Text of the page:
Yes— I’ve been following your postings on the Ratz, and have realized that the hole-in-the-wall on 3 Avenue in the 40’s could not have been named the Ritz. That’s was a curious conflation on my part, mixing two theaters in the 40’s, one on 3 Ave, the other on 8 Avenue. But I still retain their images as distinct in my mind’s eye.

Alben: I would never have recalled that name (it’s either cognate with the ancient name for Britain, “Albin” or “Alban,” or else it commemorates a partnership between two guys, Al and Ben? likely the latter, given that time and place). There’s no listing in the Film Daily Year Book of 1950 (I’m certain that it was still operating then).

I dimly recall the Center, but not the Berkshire. I’ll check on them in the Film Daily Year Book when I’m in the library. PhilPhil sounds up to speed on all of it. I moved from Brooklyn in the late 1960s, so have only a phantasized recall of it, enhanced by bookish data.

Ja, ja, ja, die 40’s verr a Nordisk neighborhood — great delicatessens, and a Norwegian language newspaper, Nordisk Tidende, printed on 63 Street and Ft. Hamilton Pkwy, no?

Theaterat
Theaterat on April 20, 2005 at 2:33 pm

Error Above…. The Park was not demolished ,the inside was gutted. The building still stands, and is a supermarket now.

Theaterat
Theaterat on April 20, 2005 at 10:53 am

Thany you Box Office Bill! You are a wealth of infomation. I remember the Park, even though I never went there. I remember being in that neighborhood probably in Oct 1965 with a friend. His grandmother(wno was Norwegian) lived in the Sunset Park area.The theater was about to be torn down. We asked the workers if we could go inside and take a look. They told us to be careful.I remember a mid size house with 3 blocks opf seats and a small balcony.Another friend who currently lives on 48th. st off 5th av lived in this area in the late 40s. The theater on 3rd av was called the Alben- not to be confused with the RKO Albee. It was a hole in the wall and showed last run fare. Another friend of mine who calls himself PhilPhil{he does not have a computer, so I post his entries under my screen name}recently described the Ratz..sorry, ment the Ritz on 8th. av and 46th.st Qv. Another nabe. He also recalls the Berkshire on 60th.st and 8th.av wich is now a Muslim mosque, and the Center…never heard of it…on 6th av and 55th.st. I wish I had a time machine so I could go back and experience some of these long forgotten theaters , who knows, maybe someday.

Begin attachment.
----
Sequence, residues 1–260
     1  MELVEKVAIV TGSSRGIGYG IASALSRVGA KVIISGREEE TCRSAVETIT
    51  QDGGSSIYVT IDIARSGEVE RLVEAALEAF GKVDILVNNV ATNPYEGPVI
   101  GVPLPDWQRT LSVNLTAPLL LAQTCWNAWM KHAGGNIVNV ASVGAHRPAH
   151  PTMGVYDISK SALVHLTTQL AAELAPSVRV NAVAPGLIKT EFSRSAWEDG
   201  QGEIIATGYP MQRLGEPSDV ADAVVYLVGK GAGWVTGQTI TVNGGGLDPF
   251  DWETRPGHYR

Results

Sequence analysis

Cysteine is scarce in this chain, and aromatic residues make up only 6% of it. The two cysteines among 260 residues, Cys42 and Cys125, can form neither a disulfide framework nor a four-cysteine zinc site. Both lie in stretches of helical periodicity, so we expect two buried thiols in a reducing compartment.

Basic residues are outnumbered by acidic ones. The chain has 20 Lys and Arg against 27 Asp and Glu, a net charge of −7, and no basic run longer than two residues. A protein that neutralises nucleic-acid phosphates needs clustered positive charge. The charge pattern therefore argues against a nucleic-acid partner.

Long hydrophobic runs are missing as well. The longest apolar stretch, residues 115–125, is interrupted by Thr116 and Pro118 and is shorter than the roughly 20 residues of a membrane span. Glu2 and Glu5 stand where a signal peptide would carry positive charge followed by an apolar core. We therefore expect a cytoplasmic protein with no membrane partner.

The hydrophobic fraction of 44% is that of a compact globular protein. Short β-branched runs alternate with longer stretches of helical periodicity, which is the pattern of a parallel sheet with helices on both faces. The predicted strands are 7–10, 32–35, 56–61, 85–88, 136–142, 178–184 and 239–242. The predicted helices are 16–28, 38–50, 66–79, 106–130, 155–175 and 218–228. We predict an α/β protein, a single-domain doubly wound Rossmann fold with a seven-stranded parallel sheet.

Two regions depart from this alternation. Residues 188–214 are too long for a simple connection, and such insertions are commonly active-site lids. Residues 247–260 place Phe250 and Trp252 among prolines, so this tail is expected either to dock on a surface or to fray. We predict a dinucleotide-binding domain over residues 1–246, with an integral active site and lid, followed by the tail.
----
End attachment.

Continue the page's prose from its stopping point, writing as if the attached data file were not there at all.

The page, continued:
BoxOfficeBill
BoxOfficeBill on April 15, 2005 at 2:13 pm

Theaterat—

I checked the Film Daily Year Book for 1952 about the Sunset. It appears that, with the reported address of 4705 5 Avenue, the theater stood on the southeast corner of 47 Street, not on the NW corner of 55 Street as I reported above. Unless I’m just mad north-by-northwest, I still hold to my mind’s-eye image of it as a squat greystone building. And my guestimate of its size appears reasonable: FDYB reports a capacity of 564. Since FDYB discontinued listing such theaters around 1956, when the theater still appeared functional, I can’t trace the date of its closing.